Pretty bird is an 8 year old white fronted amazon parrot. She was living in a cage so small I wouldn't feel comfortable keeping a parakeet in it, with no toys, eating all sunflower seeds. Worse thing about it? She was living like that at a vet's office. She'd been left there by an employee after biting the woman's 3 year old son. She'd lived 5 of the seven years of her life there, and no one ever gave her attention or talked nicely to her because she was extremely agressive (gee, wonder why). After working with her for a few months, it was obvious that she'd bonded to me, so her previous owner (who still worked at the office) left her in the employee's lounge with a big bow on her cage when I came in to work on Christmas morning. Needless to say, she has a much happier, healthier life now.
This is Aspen, a green cheeked conure, who is starring on the Hanukkah cards I made last year. He was a very stupid gift idea from my well meaning but misinformed grandparents. Note to all of you non bird-savvy people out there: birds are not gifts, they are life-long commitments with highly specified care needs. And there are too many needing homes in rescues to even begin to justify buying some crappily bred one from Petco, of all places. <_<
((Note - this is NOT an up to date photo of them; this is when they first came in, hence the obesity, overgrown nails, dirty perching, and horrible feathers))
Sigma and Theto are parakeets of unknown ages, though it is safe to assume that Sigma is "old" and Theto is "young." They were owned by a kind woman with parkinson's disease who didn't know much about birds; they had one perch and a wire, and nothing else, in their very small cage. They'd also been fed exclusively spray millet. I adopted them from her when her disease progressed and she was no longer able to "take care" of them.
Velveeta is a 13 year old parakeet. She and her mate Sky (RIP) came at a great discount from a shoddy local pet store, because they had bad colds and I was threatening to call and report them for having unhealthy animals on display. Both recovered well, and Velveeta has had a long, happy life. Her mate was less fortunate, dying of liver tumors at a fairly young age. I tried to keep her with Sigma and Theto, but they do not allow her to eat, so she lives alone - and seems to like it.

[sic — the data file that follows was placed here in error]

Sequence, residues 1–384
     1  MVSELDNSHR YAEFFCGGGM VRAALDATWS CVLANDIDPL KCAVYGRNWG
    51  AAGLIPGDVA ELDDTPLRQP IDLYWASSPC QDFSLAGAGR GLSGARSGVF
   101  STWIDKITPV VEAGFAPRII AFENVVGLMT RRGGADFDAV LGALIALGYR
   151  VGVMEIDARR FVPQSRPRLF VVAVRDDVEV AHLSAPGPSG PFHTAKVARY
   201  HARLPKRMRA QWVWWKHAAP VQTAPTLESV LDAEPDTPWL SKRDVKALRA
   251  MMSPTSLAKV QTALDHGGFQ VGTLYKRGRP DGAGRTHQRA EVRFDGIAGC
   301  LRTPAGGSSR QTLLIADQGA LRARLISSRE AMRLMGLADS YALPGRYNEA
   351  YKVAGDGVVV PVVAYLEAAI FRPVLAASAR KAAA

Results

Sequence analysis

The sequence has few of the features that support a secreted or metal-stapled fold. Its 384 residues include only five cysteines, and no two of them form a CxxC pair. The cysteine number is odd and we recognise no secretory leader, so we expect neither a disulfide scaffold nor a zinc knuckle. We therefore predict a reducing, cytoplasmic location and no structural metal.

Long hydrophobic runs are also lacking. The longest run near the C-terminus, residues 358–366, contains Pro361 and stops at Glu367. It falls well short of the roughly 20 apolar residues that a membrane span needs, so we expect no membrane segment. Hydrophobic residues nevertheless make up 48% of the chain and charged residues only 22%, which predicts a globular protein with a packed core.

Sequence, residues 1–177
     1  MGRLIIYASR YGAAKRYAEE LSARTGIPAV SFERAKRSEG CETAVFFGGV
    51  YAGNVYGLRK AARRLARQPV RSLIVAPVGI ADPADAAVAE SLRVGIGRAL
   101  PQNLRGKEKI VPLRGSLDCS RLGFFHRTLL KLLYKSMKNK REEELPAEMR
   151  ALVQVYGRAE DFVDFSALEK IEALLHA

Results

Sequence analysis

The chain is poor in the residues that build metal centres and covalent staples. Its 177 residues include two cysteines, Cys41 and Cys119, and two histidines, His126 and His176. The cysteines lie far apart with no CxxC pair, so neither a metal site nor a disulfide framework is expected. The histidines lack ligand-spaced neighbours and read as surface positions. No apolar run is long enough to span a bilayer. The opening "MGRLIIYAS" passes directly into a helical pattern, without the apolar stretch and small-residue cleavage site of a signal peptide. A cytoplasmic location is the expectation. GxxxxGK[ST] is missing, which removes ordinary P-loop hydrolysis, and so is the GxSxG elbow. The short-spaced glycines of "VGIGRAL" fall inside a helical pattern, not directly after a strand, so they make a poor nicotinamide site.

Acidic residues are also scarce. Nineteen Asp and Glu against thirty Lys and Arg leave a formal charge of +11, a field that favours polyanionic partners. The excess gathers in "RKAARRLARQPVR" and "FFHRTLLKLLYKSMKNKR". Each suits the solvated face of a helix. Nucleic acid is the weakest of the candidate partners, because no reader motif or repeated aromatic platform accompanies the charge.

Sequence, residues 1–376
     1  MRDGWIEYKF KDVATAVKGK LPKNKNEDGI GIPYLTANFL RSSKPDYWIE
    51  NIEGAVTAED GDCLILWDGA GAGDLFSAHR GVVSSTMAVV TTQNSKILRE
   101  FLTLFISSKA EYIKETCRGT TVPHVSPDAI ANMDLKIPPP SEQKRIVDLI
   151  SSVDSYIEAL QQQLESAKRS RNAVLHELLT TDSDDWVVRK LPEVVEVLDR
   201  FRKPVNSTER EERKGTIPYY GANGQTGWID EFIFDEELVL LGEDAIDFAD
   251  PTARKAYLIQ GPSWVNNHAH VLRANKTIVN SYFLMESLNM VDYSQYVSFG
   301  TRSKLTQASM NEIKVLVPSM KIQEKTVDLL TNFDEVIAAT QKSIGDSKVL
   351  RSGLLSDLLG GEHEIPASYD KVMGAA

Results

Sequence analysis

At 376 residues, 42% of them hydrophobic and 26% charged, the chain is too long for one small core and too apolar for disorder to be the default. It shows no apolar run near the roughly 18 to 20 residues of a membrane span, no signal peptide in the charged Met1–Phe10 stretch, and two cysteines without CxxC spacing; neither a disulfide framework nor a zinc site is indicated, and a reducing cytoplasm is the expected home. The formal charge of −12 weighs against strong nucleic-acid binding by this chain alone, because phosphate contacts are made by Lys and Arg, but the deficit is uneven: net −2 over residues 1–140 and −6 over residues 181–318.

Jesus is a 14 year old zebra tail finch cross whose life has all around sucked. His parents and siblings died of pneumonia during a power outage. He recovered from the pneumonia, but responded poorly to hand feeding and started to develop rickets (one legs is forever deformed from this). He recovered once more, only to be later attacked by a sugar glider that my mom accidentally let into the bird room; he almost bled to death from the injury. And, at 13, he had a stroke that has impeded his ability to fly (he gets around, but is very clumsy, and has trouble staying on a perch once he gets up there). Still, he's a spunky old guy, and really adores Velveeta. He does not have any cage mates, which I know is bad, but my mom wouldn't let me get him any because "he's going to die soon anyways." She said this back when he was 8 and outlived all of his cage mates... 6 years ago.
Alejandro is my cute little hen, only a year old. My neighbors gave her to me out of a clutch they bought their kids for easter (<_<) and proceeded to kill through various accidents and neglect. Alejandro has trouble with chronic sinus infection, so I'm glad we got her, as even if she HAD lived over there, she'd probably have died from some out of control infection by now.
Insects and Arachnids
Rosalinda is a 7 year old Chilean Rosehair Tarantula. She was brought to the zoo I worked at with 5 others who had been rescued from a pet store where, being kept in tiny cups, who suffered later fatal injuries trying to shed. They all were infested with parasites and badly emaciated; of the five, only 3 survived. The zoo only had display room for once since they are territorial, and kept the healthiest. I took Rosie, and another volunteer took the other. As you can see from this pic, Rosalinda is now so well fed that she doesn't even eat her crickets in a timely manner.
Farrago is a Madagascar Hissing Cockroach. She was a gift from my mom for Valentine's day. She is the proud mother of my 18 bouncing baby roaches.
Arloest is my other Hisser that came for valentine's day. She is much more active and hand-friendly than Farrago (though you wouldn't know from the picture).
Just two of the 18 baby Madagascar Hissing Cockroaches I was very surprised to find this past May. How two females had babies is a mystery to me; one must have come fertile. Anyways, these guys need names, so if you have name suggestions (male and female) for the babies, please suggest away!
Whoo... I think that's all. Add to that the 25 bettas, the two goldfish, and the occasional wildlife rehab patient or foster, and I'd say I have a pretty full house over here.